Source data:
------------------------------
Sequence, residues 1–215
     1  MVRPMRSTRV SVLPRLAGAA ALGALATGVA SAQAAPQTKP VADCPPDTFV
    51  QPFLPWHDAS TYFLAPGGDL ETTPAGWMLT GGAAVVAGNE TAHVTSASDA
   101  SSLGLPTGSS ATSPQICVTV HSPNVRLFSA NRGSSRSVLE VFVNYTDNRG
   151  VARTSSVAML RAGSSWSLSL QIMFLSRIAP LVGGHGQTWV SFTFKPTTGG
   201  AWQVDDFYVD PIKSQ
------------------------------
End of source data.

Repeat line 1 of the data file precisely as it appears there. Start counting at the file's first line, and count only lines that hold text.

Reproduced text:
Sequence, residues 1–215